Scott Reeder: Disheartening time to raise hogs
Scott Reeder, Opinion, The McDonough County Voice (IL)
May 19, 2020
It’s a tough time to be a hog farmer.
The COVID-19 pandemic has adversely affected a variety of businesses, but perhaps none more than the swine industry.
Having grown up on a hog farm, I can tell you it has never been an easy business. But now is different; for the first time in more than 90 years farmers are killing healthy livestock rather than shipping them to market.
This already is taking place in northwest Iowa, as well as Minnesota, Wisconsin and South Dakota. If it is to happen in Illinois, it will likely begin this week or next contends Joe Connor, a Carthage swine veterinarian whose practice cares for more than 500,000 sows.
The virus has swept through packing plants across the Midwest, forcing many to shut down. Those that have reopened are not butchering as many animals because social distancing requirements for workers have reduced the number of carcasses that can be handled.
What this means is that there is less meat heading to grocery stores, which has bumped up prices and created less selection for customers.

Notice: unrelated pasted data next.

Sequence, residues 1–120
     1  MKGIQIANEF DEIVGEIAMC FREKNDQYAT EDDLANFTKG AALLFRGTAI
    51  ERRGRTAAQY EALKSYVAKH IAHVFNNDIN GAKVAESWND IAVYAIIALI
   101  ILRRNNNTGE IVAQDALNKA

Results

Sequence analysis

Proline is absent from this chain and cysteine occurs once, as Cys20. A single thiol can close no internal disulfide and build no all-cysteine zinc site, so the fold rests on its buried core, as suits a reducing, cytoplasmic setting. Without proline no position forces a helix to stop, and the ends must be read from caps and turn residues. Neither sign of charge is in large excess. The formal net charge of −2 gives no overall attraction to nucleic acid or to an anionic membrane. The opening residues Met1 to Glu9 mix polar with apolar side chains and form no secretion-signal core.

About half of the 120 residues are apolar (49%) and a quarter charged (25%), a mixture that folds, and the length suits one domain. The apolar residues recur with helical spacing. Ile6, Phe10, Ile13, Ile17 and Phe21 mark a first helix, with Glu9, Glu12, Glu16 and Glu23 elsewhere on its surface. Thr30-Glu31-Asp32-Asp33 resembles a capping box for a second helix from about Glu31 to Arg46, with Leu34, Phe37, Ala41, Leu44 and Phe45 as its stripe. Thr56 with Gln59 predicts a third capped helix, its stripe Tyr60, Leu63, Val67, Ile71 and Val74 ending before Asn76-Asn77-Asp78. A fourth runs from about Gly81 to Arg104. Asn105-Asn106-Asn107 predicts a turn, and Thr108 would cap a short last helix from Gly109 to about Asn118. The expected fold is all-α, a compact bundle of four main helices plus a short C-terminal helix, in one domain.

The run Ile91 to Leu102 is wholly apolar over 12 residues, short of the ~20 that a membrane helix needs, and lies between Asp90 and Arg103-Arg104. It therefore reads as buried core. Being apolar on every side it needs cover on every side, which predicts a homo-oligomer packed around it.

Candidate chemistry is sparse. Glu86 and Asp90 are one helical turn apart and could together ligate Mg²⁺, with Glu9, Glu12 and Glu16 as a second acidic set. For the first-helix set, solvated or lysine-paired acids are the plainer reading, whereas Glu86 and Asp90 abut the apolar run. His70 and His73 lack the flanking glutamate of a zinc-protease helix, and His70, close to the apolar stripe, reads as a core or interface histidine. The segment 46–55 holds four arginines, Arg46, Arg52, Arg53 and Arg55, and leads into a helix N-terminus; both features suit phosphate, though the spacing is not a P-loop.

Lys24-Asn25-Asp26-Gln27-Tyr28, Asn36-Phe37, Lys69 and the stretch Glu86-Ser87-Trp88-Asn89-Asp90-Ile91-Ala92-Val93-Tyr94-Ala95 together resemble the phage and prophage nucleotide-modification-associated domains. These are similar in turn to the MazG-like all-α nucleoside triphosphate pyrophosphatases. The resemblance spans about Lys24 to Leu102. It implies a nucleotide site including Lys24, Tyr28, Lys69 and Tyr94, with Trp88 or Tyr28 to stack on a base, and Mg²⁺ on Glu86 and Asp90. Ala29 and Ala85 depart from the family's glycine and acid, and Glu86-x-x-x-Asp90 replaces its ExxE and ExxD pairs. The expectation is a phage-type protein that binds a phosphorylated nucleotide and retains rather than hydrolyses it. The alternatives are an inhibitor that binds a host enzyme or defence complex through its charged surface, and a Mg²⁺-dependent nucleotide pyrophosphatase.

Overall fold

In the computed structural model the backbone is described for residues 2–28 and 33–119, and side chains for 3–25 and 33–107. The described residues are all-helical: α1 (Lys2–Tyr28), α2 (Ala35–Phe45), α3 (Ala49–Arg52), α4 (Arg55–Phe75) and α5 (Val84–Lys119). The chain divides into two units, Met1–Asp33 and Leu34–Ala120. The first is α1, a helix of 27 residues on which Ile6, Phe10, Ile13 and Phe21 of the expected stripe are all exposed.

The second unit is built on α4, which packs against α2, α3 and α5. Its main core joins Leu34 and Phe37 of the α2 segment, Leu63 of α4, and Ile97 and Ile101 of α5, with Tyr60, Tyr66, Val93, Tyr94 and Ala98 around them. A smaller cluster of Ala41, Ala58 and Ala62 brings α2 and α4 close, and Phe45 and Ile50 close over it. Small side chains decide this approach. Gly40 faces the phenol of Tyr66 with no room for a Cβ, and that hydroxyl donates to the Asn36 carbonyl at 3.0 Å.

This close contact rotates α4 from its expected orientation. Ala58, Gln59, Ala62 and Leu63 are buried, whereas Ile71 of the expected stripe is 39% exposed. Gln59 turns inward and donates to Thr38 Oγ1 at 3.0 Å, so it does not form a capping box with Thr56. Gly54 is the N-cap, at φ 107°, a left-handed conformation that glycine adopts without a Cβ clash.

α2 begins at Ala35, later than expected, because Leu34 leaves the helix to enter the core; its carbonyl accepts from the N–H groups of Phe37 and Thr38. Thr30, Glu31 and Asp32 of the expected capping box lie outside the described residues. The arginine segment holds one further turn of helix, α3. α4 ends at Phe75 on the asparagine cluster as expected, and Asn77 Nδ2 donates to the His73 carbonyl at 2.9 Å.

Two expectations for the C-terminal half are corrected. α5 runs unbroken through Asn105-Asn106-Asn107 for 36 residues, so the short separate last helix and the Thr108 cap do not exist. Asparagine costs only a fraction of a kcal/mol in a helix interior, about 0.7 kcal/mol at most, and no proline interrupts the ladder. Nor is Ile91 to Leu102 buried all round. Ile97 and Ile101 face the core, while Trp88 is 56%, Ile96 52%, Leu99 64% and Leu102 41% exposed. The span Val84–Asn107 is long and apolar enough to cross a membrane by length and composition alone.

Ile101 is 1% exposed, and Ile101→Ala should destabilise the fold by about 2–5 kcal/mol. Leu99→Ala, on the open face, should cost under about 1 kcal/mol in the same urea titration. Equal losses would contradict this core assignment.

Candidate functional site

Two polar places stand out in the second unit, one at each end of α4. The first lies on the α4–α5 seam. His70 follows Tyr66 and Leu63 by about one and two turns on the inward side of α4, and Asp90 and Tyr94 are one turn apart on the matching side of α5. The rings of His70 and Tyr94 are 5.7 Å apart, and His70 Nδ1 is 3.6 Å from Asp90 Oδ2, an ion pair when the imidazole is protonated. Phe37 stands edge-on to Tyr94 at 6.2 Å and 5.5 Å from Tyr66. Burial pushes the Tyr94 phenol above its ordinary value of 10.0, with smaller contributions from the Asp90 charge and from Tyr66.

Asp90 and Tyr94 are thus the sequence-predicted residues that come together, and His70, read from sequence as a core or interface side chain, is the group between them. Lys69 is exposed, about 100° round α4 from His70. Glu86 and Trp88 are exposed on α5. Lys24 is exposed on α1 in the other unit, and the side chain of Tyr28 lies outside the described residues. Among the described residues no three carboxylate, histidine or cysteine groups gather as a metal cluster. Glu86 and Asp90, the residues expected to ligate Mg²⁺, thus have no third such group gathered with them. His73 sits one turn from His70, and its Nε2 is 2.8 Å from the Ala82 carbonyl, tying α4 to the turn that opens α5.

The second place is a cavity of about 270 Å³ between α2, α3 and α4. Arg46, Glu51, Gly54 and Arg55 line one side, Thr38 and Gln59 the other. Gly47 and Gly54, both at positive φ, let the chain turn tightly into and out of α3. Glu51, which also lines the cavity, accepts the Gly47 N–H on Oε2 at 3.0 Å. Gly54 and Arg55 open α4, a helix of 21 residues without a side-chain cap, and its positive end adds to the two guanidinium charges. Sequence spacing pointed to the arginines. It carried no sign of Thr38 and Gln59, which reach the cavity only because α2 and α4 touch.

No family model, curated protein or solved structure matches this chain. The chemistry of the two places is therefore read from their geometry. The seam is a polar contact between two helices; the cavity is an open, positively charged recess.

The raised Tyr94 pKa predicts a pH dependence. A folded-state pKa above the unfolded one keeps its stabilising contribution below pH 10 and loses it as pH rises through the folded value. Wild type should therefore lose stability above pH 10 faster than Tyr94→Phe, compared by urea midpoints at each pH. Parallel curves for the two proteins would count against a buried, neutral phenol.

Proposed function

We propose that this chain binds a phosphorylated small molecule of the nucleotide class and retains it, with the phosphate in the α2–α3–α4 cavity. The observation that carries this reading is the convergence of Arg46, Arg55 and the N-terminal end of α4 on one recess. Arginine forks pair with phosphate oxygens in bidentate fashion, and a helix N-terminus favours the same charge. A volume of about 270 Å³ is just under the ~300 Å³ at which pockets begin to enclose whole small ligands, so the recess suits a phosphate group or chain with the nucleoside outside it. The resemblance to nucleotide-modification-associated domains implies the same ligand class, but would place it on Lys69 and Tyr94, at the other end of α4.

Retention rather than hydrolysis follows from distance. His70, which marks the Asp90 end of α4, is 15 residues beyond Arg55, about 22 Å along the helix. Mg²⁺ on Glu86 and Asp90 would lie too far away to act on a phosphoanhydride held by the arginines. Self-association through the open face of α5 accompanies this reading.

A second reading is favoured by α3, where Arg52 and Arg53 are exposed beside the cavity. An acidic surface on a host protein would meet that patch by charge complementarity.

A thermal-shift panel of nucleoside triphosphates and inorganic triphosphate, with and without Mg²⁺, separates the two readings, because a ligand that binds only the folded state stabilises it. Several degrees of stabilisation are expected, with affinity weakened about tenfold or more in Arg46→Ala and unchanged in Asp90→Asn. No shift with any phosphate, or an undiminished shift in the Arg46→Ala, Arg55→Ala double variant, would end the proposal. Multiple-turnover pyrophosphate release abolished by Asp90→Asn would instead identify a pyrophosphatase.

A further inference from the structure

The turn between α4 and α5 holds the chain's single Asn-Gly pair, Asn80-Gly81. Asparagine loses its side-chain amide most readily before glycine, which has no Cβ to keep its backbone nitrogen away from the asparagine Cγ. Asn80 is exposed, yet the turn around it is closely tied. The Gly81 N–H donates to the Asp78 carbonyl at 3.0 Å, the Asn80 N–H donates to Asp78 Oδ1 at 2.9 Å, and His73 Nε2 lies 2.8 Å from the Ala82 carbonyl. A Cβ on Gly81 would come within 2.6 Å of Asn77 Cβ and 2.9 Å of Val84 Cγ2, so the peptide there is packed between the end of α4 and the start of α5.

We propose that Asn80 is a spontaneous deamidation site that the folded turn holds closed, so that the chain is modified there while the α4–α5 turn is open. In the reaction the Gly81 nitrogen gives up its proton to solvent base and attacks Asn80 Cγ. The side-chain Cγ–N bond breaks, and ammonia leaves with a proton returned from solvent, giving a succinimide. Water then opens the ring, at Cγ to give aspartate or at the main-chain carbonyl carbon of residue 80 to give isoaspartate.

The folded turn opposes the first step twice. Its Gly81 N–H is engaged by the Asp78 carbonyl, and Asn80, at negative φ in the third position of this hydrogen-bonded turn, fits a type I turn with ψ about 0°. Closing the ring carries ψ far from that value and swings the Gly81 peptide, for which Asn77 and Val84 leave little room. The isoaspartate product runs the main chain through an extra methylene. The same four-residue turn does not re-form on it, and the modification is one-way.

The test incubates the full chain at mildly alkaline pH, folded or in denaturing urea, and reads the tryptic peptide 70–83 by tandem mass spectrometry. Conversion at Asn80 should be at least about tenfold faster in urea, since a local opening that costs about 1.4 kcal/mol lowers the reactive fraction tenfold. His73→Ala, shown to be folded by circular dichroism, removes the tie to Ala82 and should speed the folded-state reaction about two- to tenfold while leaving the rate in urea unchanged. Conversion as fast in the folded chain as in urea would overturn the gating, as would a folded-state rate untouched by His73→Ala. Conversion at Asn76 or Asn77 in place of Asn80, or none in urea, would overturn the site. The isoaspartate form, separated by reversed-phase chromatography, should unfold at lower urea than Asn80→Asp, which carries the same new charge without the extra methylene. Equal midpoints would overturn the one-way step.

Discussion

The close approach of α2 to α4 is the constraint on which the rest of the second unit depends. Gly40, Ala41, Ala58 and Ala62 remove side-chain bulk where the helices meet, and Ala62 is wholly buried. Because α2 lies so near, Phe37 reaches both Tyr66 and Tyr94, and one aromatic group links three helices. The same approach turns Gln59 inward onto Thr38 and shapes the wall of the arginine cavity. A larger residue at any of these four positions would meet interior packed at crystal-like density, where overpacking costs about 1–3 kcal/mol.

But, it has created desperate times on the farm. Already, many farmers are marketing livestock at a loss. And the prospect of destroying animals is heart breaking for any farmer.
Beyond the financial loss, farmers take pride in producing quality food. To see animals destined to go to a landfill rather than a meat counter is disillusioning.
The Illinois Pork Producers are building a trailer to be used for mass depopulation of herds, said Jennifer Tirey, executive director.
“We hope we never have to use this trailer,” she said. “It’s so wasteful. But we need to have a contingency plan in case there are no other alternatives. And this is our Plan B.”
Tirey declined to discuss the specifics of how the animals would be killed. But in Minnesota, Iowa and the Dakotas the most common method...